Logics for belief base updating

Herzig, Andreas


In the domain of knowledge bases, it is usually considered that a database comes equiped with two functions, a query-answering function `ASK' and an update function `TELL'. Questions such as `ASK(light-on)' are answered ``yes'' or ``no'', according to whether `light-on' logically from the base or not. `TELL(light-on)' means that `light-on' is a new piece of information which the database should take into account. This is a much fuzzier requirement than that for ASK, which is far more difficult to implement both from a logical and a computational point of view.

A somewhat easier case is when `light-on' is already in the database (or follows from it) and there is no need to act. The picture gets more complex if light-on does not follow from the current database, or worse if it contradicts the database. In early approaches it had been considered that the new information is systematically rejected in this case. This is clearly unsatisfactory. Other approaches such as the introduction of so-called `null values' in relational databases turned out to be problematic as well.

Several authors coming from the database field such as Winslett, Katsuno, Mendelzon, Satoh and Grahne have linked the problematics of updating to that of belief change as studied by philosophers in the field of formal epistemology. In that field, Alchourròn, Gärdenfors and Makinson (AGM) had given in the 80ies a set of rationality postulates that every reasonable belief revision operation should satisfy, and had proved characterization theorems.

It has been brought to the fore that there is a fundamental semantical difference between update operations and AGM-revision operations. In particular updates are markedly more liberal in the case where the new information is contingent (neither contradicts nor follows from the current database). Moreover, updates fit better with counterfactual conditionals, as pointed out by Grahne and recently Ryan and Schobbens. Katsuno and Mendelzon (KM) have paralleled AGM and have characterized what we shall call KM-updates by a set of postulates. As well, such interdisciplinary activity has stimulated research on theoretical complexity and the practical implementability of change operations.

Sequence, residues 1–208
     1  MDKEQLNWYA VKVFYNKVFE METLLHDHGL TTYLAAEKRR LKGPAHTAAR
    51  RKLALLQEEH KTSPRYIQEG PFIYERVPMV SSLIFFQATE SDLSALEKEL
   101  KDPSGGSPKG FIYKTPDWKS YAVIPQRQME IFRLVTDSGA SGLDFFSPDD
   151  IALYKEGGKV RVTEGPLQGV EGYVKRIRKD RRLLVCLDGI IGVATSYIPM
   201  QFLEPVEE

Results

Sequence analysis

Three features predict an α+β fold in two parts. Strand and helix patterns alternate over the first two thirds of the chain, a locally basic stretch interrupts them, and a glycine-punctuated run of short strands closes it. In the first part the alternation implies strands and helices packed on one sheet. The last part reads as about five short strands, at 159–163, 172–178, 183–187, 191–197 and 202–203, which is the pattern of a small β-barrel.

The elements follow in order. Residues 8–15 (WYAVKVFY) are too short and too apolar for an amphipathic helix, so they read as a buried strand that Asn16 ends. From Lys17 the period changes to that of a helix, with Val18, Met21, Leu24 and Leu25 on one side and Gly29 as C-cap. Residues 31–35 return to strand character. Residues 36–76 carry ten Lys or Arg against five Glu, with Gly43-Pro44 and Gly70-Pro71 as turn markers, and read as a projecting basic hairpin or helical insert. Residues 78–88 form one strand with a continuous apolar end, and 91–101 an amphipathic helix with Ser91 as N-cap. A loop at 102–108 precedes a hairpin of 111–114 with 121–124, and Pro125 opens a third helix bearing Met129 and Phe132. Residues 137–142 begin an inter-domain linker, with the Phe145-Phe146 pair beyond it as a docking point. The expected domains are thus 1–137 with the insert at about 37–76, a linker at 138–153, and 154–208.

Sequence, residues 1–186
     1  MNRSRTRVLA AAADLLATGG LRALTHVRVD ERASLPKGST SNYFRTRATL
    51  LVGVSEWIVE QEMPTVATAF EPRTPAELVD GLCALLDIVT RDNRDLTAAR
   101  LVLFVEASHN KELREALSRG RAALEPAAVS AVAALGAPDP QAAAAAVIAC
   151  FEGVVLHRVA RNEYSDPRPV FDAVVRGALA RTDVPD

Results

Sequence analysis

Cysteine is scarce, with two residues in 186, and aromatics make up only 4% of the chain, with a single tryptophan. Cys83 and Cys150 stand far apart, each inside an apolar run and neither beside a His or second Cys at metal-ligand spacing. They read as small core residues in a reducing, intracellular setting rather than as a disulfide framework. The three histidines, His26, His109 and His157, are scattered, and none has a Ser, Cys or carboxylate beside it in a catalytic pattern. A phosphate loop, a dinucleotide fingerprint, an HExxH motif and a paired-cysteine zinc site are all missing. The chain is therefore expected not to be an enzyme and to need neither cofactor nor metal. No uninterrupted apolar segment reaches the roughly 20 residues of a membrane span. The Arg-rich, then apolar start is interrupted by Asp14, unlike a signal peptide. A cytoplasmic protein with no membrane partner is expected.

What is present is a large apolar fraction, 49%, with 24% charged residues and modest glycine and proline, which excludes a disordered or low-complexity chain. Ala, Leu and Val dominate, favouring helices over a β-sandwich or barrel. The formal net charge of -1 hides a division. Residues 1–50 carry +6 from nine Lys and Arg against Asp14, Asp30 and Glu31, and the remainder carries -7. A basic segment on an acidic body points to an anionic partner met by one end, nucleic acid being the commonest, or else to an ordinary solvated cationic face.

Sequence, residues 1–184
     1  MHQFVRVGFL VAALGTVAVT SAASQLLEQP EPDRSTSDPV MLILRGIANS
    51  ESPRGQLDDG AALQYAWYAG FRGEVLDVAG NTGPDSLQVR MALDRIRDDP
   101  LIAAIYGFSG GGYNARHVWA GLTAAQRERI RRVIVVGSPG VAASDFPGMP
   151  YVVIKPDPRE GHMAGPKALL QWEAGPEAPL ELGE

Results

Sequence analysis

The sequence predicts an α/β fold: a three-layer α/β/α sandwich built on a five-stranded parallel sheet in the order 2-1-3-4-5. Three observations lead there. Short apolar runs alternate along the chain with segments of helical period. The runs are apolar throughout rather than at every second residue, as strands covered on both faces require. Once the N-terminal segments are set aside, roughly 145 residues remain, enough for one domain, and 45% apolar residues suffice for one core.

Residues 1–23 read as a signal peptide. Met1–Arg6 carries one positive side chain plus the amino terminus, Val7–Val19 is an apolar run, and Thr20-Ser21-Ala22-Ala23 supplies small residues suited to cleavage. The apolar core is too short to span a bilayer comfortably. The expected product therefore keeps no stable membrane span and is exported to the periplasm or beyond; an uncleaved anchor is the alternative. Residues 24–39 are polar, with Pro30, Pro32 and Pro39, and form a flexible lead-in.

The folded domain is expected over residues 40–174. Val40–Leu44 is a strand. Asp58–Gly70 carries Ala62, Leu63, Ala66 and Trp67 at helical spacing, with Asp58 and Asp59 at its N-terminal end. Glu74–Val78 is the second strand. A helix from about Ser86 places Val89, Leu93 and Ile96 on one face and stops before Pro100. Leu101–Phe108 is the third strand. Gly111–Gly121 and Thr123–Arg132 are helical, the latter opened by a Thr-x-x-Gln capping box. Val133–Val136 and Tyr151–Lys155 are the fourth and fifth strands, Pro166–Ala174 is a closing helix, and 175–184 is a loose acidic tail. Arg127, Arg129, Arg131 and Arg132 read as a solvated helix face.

In this chapter we mainly concentreate on such interdisciplinary interactions. We shall give formal accounts of update operations in terms of logical systems that have been proposed for conditionals. In particular we recast KM-updates as a particular logic of update and conditional operators.

These systems give us the abstract properties of update operations w.r.t. the logical and metalogical operators of classical logic. Such abstract update operations being satisfactory from the philosophical point of view, they do not give us explicit constructions such as algorithms or procedures, which is what people in database theory and artificial intelligence are interested in. Worse, the class of update operations authorized by these logical systems is much too broad from a database practitioner's point of view. It contains e.g. the trivial update operation which as soon as the new information does not follow from the database only keeps the former and destroys the latter.

Ideally there should be only one update operation: the right one. Does such an operation exist? Sometimes it is argued that the choice of the update operation depends on the application we have in mind. Nevertheless, there might be a unique basic update operation which could be extended and adapted to particular applications. Anyway, this makes us turn to concrete update operations: we start from Winslett's so-called Possible Models Approach (PMA), which is the best example of a concrete update operation (which is moreover unique). We construct the corresponding conditional logic and study its properties. We review critiques of the approach that have been made in the literature, and discuss solutions that have been proposed.

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  author = 	 "Herzig, Andreas",
  title = 	 "Logics for belief base updating",
  booktitle = 	 "Handbook of defeasible reasoning and uncertainty management",
  publisher = 	 "Kluwer Academic Publishers",
  year = 	 1998,
  editor = 	 "Dubois, Didier and Gabbay, Dov and Prade, Henri and Smets, Philippe",
  volume = 	 "3 - Belief Change",
  pages = 	 "189--231"